Are you Raveling yet?
by Kate Perez
first printed in the March 2009 issue of Camelid Quarterly
Wondering what’s the one thing that knitters and fiber-arts people can’t live without in 2009? It’s not self-striping sock yarn, Hello Kitty© stitch markers or the latest book by the “Yarn Harlot. “ It’s Ravelry of course! Ravelry.com has been called a social networking website, an online community and MySpace for knitters, but it’s so much more!
Ravelry gives each user an online area for storing fiber-arts projects with their photos, descriptions, patterns, yarns, needles or hooks used, and a rating scale for how the profile owner liked the yarn or pattern. There is also a heart icon which other members of the Ravelry community can click to “favorite” and store the project in their own profiles. Ravelry also contains databases of knitting and crocheting patterns, books, yarns, and contact information for those who sell those same products.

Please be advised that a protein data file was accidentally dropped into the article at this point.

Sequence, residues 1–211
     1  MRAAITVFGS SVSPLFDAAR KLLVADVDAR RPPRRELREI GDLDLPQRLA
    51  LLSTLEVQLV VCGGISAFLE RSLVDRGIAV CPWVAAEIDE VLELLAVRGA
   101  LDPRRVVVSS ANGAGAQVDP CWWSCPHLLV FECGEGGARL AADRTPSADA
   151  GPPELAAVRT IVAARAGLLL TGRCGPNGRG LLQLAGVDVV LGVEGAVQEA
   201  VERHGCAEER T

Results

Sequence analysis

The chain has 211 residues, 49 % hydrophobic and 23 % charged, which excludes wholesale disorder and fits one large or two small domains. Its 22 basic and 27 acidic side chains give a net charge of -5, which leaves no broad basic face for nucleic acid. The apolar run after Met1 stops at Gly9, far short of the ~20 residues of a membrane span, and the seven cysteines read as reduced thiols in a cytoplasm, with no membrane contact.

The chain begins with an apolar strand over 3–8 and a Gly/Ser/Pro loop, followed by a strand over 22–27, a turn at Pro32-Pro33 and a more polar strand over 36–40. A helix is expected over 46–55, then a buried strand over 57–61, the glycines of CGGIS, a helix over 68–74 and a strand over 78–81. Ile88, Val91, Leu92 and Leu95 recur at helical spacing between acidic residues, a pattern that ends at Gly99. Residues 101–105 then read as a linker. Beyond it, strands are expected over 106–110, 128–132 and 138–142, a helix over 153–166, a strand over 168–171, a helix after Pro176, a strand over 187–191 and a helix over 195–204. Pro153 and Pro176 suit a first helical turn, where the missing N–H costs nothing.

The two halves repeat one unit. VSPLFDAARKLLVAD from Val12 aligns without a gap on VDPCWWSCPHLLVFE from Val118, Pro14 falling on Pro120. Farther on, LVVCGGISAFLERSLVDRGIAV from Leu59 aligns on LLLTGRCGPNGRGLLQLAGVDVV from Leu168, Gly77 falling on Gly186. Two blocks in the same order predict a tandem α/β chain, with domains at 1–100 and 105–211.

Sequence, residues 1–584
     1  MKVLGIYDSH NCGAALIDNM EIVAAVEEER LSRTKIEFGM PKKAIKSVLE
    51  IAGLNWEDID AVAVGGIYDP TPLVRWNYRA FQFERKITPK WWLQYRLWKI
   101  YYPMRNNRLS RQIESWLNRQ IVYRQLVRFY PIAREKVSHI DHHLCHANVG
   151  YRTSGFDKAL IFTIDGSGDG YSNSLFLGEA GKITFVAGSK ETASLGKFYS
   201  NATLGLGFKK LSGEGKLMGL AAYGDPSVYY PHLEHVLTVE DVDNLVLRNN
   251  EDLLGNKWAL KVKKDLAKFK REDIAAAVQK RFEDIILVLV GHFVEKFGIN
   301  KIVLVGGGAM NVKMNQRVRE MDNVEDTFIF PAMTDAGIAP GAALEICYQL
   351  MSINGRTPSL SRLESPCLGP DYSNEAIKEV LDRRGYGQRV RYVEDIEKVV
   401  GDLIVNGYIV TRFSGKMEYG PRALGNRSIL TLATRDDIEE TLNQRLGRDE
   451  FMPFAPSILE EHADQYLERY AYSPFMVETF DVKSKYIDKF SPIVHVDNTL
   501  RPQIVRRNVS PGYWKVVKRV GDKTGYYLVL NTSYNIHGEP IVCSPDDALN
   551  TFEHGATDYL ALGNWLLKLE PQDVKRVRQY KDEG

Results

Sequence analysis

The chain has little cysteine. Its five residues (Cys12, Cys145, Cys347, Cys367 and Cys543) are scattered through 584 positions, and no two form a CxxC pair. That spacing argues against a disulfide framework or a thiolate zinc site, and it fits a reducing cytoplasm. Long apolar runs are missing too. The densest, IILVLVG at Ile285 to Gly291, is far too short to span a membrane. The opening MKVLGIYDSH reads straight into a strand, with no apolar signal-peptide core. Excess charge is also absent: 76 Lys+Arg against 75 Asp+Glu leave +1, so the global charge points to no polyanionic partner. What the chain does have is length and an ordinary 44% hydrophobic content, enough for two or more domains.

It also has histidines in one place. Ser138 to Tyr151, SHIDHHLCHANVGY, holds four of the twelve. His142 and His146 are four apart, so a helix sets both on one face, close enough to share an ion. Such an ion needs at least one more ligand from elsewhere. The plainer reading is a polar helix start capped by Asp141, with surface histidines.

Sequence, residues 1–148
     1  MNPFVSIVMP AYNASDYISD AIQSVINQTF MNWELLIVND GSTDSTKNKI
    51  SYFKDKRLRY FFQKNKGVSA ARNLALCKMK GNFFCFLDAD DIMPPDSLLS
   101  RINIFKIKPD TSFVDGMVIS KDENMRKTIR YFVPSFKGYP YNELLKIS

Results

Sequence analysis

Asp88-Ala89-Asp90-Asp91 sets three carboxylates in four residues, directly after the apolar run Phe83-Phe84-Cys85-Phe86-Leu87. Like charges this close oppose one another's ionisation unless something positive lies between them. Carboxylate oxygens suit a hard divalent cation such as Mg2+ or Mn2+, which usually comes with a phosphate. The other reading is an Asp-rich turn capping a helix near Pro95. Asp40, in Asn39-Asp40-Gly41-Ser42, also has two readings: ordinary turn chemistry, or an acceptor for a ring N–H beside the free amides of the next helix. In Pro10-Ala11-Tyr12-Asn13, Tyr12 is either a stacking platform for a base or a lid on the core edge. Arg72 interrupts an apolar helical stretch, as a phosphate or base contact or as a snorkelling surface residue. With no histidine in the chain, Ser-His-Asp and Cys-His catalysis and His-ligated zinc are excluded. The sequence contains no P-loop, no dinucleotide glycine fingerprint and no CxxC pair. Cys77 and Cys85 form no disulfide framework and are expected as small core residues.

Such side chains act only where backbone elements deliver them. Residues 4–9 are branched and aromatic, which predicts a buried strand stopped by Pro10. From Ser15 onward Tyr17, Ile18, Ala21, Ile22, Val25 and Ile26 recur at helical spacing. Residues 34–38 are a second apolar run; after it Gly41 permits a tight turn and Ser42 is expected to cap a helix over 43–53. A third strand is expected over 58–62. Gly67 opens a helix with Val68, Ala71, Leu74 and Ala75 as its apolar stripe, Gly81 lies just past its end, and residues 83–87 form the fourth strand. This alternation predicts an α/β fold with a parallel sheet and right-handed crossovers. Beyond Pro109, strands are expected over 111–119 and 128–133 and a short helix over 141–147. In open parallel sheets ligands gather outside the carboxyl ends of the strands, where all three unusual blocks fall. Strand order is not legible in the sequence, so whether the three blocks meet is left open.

some of my projects in the Ravelry database in Jan. 2009
When a project owner types in the name or maker of a yarn, for example, Ravelry will look at the words and provide names of similar yarns stored in its yarn database. If a match is found, the yarn in the project is linked back into the database. Another member of the community can do a search on that yarn and find this project along with all of the Ravelry projects that were made using that yarn. The projects will include photos, descriptions and ratings for the yarn and the patterns used.
By the way, that same user can also see how many other “Ravelrers” have that yarn stored in the “stash” tab of their profiles and whether they are willing to sell or trade it. Often the photos of various yarns provided by the members of Ravelry are of better quality than those found on the websites and catalogs that sell those same yarns. And, seeing the yarn rated and knit up in many different colors and into many different projects, really helps fiber artists decide which yarn to use for what project.
my yarn " stash " photos in Jan. 2009